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CWA # 161, 6 September 2019

Climate Change
From Okjökull to OK: Death of a Glacier in Iceland

  Rashmi Ramesh

Unless big powers take a firm initiative, international agreements on climate change will fail to operationalize.

Rashmi Ramesh is a PhD Scholar at the School of Conflict and Security Studies in NIAS
 
On 19 August 2019, a group of mourners led by Icelandic Prime Minister Katrín Jakobsdóttir gathered to commemorate the death of a first big glacier of the country. Okjökull, a glacier in Iceland, was declared as a monument. Glaciers provide profound evidence to the extent of climate change and global warming. 

Recent developments in Iceland reiterate that there needs to be a serious course of action in the direction of combating the pace of climate change. But, is it only Iceland’s concern? 

 

Death of a Glacier in Iceland: Okjökull becomes Ok
The Arctic undoubtedly is the poster-child of climate change, where warming is taking place at a pace comparable to no other region across the world. The recent victim is Iceland’s glacier Okjökull, which was declared dead in the year 2014 by the Icelandic Meteorological Office. The glacier-covered an area of 16 square kilometres in 1890 and by 2012, it occupied only 0.7 square kilometres. As a dead mass of ice, having lost the capacity to move it lost its status of being a glacier. As a result, Iceland has renamed Okjökull as “Ok” (Jökull in Icelandic implies glacier).  A glacier must have a mass of  130-165 feet, to be considered active.
The mourners of Okjökull in Iceland including its Prime Minister unveiled a plaque with a word of caution to the current as well as the future generations. While we have monuments and memorials for the accomplishments of great historical icons or for wars, this monument is a unique symbol commemorating a non-human element.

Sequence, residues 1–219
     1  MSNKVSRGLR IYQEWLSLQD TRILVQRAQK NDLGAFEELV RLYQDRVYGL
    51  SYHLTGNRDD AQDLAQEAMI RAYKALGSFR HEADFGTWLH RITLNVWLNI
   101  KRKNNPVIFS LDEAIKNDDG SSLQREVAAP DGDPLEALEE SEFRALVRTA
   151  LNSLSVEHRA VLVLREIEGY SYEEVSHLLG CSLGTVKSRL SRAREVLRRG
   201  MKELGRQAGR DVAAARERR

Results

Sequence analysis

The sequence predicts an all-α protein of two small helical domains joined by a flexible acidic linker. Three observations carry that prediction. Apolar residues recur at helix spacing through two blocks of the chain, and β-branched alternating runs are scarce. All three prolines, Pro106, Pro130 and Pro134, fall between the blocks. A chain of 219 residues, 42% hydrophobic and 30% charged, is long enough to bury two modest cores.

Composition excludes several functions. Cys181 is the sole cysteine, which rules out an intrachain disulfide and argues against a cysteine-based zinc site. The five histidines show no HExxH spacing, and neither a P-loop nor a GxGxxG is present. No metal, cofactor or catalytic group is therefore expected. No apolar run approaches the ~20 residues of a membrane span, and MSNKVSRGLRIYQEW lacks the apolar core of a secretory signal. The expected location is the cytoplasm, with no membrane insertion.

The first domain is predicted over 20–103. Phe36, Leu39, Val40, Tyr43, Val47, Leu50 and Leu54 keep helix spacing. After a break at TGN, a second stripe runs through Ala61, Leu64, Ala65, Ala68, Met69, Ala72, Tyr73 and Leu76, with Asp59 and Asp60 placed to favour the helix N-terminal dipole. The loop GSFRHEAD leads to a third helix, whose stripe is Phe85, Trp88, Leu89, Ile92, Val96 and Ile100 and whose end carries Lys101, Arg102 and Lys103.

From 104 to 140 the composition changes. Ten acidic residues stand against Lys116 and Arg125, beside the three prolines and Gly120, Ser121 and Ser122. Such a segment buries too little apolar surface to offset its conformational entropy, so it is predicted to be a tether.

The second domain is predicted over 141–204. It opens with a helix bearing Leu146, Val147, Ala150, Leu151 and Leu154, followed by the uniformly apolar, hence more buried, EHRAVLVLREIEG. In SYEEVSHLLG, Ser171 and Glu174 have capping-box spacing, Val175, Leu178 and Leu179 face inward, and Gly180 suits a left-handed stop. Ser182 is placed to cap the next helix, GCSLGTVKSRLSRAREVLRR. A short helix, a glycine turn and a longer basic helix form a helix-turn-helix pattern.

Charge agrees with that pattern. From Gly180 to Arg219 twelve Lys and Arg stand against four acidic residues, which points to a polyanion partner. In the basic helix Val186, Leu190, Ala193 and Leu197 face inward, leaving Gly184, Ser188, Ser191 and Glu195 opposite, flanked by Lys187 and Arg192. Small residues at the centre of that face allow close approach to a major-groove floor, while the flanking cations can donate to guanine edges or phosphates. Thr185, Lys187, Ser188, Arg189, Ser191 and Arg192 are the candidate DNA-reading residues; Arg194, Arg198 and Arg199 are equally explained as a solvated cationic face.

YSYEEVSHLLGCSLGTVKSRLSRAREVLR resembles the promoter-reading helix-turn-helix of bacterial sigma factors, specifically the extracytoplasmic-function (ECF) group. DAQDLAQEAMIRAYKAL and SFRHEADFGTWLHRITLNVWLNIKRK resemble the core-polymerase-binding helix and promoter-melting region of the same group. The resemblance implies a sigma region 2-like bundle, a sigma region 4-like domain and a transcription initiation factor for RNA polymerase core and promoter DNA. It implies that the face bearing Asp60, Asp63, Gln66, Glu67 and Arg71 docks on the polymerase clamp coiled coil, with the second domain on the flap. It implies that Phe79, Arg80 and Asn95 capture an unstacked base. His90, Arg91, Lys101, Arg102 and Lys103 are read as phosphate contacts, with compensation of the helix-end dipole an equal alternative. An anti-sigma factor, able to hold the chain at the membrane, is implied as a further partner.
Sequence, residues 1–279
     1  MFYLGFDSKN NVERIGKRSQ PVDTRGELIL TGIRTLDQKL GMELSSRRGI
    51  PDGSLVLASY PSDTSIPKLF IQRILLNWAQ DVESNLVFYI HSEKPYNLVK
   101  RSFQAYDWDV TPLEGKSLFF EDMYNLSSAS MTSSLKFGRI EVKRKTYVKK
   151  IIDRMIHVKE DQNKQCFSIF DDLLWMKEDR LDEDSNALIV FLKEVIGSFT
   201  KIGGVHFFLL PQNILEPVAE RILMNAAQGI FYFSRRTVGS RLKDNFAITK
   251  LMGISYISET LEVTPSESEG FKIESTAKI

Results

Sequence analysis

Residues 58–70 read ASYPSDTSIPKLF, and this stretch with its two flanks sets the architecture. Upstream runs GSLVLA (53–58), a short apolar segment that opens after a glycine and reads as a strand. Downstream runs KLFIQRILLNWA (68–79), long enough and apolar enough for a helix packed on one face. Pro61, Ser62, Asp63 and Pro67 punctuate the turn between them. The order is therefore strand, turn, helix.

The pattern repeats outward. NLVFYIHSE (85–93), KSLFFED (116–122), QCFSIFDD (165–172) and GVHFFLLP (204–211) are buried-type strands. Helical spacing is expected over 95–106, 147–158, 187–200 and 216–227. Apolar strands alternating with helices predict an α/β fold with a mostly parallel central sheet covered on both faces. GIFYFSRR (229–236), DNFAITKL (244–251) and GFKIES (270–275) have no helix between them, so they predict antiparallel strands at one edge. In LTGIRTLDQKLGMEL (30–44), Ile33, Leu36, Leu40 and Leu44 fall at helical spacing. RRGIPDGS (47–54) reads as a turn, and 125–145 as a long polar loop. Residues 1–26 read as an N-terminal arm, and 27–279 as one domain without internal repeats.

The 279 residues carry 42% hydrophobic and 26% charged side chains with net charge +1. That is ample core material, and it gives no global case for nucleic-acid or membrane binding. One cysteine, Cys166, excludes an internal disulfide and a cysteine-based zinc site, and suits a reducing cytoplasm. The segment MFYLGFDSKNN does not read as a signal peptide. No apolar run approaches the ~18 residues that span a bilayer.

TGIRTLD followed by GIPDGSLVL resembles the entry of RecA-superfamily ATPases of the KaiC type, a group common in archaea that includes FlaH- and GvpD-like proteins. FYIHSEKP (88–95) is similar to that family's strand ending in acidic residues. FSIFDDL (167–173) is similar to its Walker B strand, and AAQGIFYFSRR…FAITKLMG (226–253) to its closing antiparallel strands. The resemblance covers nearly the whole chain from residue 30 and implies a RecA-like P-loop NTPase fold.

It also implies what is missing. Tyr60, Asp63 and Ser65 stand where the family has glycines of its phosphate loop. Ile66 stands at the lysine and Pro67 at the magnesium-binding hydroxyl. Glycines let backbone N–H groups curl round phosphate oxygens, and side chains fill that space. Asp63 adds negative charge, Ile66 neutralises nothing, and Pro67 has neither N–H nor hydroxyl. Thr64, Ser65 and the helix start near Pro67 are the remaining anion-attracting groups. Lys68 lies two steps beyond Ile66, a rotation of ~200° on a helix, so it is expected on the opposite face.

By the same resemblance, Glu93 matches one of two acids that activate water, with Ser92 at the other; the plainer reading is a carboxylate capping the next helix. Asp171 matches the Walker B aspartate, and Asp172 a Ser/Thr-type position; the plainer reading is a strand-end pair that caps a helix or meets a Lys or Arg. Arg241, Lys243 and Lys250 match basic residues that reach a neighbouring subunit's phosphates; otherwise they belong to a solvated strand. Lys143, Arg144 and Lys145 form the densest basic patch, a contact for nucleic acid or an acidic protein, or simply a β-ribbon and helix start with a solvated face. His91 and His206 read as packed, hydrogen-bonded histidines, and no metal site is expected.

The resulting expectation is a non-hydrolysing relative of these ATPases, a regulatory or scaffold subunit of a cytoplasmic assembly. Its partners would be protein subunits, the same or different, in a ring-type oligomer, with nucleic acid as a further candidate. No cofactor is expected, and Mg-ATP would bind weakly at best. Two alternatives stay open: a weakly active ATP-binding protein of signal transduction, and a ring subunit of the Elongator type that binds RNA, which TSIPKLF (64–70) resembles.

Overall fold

Is it only Iceland’s concern? 
Greenland's ice sheet is an essential factor in balancing the global temperatures. Ocean levels are rising and island countries are under severe threat. In the case of India, climatic changes are affecting the monsoonal patterns to a large extent, resulting in untimely droughts and destructive floods. 
Climate change is an indiscriminate phenomenon, and therefore it is not confined to Iceland or the Polar regions. However, there are differences in how every country views this phenomenon and how each one reacts to it. 

 

From US to Tuvalu: Who is serious and who is not about the Climate Change? And why?
Climate change is one of the major threats in the twenty-first century. However, the reaction of states to this threat depends on the severity to their own. Countries do come together on the same platform to define strategies to combat this security threat, but their course of action differs. 
Big powers like the United States and Russia do not perceive this problem through the same lens as Maldives or Tuvalu or Iceland. For the latter, climate change and an increase in the level of oceans is an existential threat. This is not the case with the big powers. Russia is one of the biggest beneficiaries of the thawing sea ice in the Arctic. Deprived a long coastline, opening up of the Arctic is a geographic and an economic benefit to Moscow. The leadership is keen on reviving the old-Soviet bases in the region, thereby attaching a security angle to the region. Having the longest coastline with the Arctic Ocean, Russia benefits immensely from the important resource-bases, particularly the hydrocarbons. While Russia involves itself in the Arctic climate negotiations, its commitment to the cause can be questioned. 
The United States, on the other hand, is going on a withdrawal spree from international organizations, international treaties and conventions; Paris Accords being one such case. In the Arctic Council Ministerial Meeting held during March 2019 in Finland, Secretary of State Mike Pompeo made no mention of the term “climate change”. This failed the Ministerial Meeting for all practical purposes, as there was neither a declaration nor a statement regarding the Arctic. 
Emerging economies like China and India are taking some steps to curb the consequences, but no stringent mechanisms have been put forth, owing to their requirement of further industrialization and economic development. On the other hand, Island states are concerned about “climate refugees”, a term that has failed to garner international attention and support. 
The debate on climate change is dependent on the power that a nation-state commands on the negotiating tables. Unless big powers take a firm initiative, international agreements on climate change will fail to operationalize.

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